Upcoming Adventures

My apologies for the lack of posts in the past fifteen days; apart from recovering from surgery and trying to get back into somewhat of a normal life, there hasn’t been much time for birding, nor have I felt much up to it. Sure, I’ve still been vigorously doing what I call ‘computer-birding’ (reading blogs and various internet articles), but for the most part my time in the field has been limited to a couple of jaunts around the yard. That is all about to change, however, as I gear up for what should be one of the most exciting fifteen-day period of birding I’ve experienced.

During the period of time between July 19th and August 5th, I’ll be taking part in two very exciting bird-related pursuits. The first will be the Cornell Lab of Ornithology’s ‘Young Birders Weekend’, held from July 19th – July 22nd. (To read more about the weekend click here.) The second, and undoubtedly what is probably to become the highlight of my year, is my first trip to California, joined by my dad. In addition to catching one or two Mets-Padres games and exploring the coast north and south of the Bay area, we’ll also be spending much of our time chasing down California specialties, including taking a Shearwater Journeys pelagic out of Half Moon Bay.

My dad and I have taken some awesome trips together, and I’m sure this one will be just as good, if not even better, than the others. I’ve spent the last few days planning and researching the trip, and I’m starting to get pretty pumped for what’s in store. I’m planning to post a summary of the Young Birders Event as well as the California trip while I return, but, knowing my past habitats with trip summaries, I’m hoping it will be for real this time.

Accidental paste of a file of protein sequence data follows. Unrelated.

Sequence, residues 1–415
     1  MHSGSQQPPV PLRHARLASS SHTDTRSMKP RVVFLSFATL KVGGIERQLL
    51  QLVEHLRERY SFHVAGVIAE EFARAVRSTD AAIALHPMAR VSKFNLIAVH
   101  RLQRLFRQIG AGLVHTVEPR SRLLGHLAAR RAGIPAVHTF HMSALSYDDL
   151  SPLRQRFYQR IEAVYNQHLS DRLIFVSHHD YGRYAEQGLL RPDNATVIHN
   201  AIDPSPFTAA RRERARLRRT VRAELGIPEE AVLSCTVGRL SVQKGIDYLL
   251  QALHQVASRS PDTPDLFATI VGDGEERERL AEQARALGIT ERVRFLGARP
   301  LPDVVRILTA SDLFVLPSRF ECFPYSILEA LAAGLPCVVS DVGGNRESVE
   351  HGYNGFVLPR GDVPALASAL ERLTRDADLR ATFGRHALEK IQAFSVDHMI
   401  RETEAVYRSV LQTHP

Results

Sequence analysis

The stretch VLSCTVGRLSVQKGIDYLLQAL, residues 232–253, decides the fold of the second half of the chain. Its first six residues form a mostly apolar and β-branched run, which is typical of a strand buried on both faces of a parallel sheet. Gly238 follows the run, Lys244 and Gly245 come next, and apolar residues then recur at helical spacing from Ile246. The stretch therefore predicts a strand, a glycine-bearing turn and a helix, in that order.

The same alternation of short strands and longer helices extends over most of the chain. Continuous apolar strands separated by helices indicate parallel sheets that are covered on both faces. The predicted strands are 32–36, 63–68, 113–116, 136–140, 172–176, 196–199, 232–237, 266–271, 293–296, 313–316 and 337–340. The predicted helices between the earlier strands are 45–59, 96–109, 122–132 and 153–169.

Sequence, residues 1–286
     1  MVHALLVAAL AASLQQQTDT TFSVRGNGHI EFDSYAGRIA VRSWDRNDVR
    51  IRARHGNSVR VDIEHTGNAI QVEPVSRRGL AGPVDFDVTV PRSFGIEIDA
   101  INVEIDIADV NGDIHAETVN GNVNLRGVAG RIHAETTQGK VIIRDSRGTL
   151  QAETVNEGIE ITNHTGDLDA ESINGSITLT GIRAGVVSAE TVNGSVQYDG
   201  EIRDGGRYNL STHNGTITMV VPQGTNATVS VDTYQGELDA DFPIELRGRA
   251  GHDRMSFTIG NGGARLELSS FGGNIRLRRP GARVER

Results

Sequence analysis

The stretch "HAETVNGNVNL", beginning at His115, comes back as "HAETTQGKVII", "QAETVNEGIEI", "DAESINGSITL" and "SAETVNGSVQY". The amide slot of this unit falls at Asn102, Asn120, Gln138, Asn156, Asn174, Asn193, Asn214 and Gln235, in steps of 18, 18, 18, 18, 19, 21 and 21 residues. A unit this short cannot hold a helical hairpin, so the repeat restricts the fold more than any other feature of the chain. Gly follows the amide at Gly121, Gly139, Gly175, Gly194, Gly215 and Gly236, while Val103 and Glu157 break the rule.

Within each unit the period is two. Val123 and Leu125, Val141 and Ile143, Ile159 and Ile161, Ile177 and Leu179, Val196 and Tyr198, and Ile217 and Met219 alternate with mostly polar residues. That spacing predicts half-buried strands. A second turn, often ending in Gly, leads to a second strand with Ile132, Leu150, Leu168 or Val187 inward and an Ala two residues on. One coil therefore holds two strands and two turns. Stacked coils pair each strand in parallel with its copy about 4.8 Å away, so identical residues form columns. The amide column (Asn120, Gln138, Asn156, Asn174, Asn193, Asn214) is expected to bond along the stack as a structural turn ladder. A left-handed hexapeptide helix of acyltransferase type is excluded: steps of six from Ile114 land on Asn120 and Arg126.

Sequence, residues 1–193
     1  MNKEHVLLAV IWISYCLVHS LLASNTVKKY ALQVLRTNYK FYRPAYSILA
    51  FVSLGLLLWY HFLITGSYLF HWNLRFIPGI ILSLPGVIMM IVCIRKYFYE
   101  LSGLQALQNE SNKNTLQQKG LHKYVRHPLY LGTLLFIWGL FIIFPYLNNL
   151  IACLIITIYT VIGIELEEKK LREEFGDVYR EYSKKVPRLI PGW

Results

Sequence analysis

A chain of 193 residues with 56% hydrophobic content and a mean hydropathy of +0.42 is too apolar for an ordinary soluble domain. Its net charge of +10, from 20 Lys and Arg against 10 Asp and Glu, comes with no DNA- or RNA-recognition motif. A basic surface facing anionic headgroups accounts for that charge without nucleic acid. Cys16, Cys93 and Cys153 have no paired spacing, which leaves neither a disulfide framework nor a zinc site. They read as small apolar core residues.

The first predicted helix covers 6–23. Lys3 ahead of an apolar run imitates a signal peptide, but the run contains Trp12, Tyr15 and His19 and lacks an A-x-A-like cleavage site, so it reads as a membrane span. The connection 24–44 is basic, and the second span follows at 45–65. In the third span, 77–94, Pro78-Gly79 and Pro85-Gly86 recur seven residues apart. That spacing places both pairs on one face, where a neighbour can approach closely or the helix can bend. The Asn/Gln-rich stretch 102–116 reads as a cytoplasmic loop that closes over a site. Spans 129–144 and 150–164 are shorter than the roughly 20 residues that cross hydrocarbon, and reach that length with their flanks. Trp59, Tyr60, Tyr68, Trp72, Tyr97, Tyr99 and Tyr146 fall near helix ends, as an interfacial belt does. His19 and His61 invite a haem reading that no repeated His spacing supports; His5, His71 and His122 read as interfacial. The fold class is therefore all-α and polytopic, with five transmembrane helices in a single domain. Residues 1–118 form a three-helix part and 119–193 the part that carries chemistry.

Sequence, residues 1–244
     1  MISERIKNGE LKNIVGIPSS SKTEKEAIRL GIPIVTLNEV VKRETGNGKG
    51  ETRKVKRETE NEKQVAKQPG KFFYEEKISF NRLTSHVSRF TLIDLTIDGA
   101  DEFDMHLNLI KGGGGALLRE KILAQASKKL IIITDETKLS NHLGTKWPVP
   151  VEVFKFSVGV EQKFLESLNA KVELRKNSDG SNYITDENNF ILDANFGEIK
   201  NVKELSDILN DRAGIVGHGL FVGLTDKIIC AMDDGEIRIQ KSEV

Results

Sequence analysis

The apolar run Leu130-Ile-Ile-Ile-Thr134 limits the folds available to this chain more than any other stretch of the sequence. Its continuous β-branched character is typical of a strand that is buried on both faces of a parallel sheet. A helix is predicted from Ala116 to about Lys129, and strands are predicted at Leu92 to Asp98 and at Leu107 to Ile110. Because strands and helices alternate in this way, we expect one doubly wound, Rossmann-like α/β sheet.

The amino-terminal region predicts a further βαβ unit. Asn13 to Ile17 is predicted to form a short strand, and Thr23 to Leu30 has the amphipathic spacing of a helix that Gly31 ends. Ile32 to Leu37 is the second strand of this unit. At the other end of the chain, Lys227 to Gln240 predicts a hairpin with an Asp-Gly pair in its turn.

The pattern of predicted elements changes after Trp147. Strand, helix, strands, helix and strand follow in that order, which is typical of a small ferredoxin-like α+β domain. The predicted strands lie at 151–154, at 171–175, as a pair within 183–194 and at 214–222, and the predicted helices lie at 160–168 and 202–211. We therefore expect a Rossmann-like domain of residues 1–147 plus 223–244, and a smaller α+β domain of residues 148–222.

-Alex

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3 Responses to Upcoming Adventures

  1. Helen says:

    Awesome news, Alex! Was just thinking about you last night and hoping you were doing OK since you hadn’t posted in awhile. Enjoy your wonderful trips; can’t wait to read your reports! – Best, Helen

  2. Betsy Hermann says:

    Hi Alex,

    Glad to hear that you are recovered from your recent surgery and have 2 birding adventures to plan. The anticipation of a trip to me is half the fun.

    I had a small adventure this past week. While paddling the kayak in Rangeley Lake, I noticed something green floating in the water. The most beautiful moth I’d ever seen appeared to be doing the dead man’s float. Once I got the moth in my kayak, he/she was still alive. The moth was placed among the plantings along the beach, and he had the strength to crawl up an iris leaf to dry his wings. No movement was noticed all afternoon. In the early evening we decided to take a moon light paddle as well as check on our moth, who turned out to be a Luna Moth after a little computer research. Much to our delight he flew off as the sun was setting. A wonderful ending. for all. The Luna moth only has a life expectancy of 7 days. They are born without any mouth and only live to breed. Nature is just so incredible. I’m thinking this Luna Moth had 2 lives!

    Happy birding and look forward to more of “Flight of the Scrub Jay” emails.

    Betsy and Bruce.

  3. Deanna Becker says:

    You will have an incredible birding vacation in California. You will love it–it is a truly beautiful state. I’m sure you’re on the way to NY now–have a great time while at Cornell. Look forward to your blog about it and also some photos. Deanna

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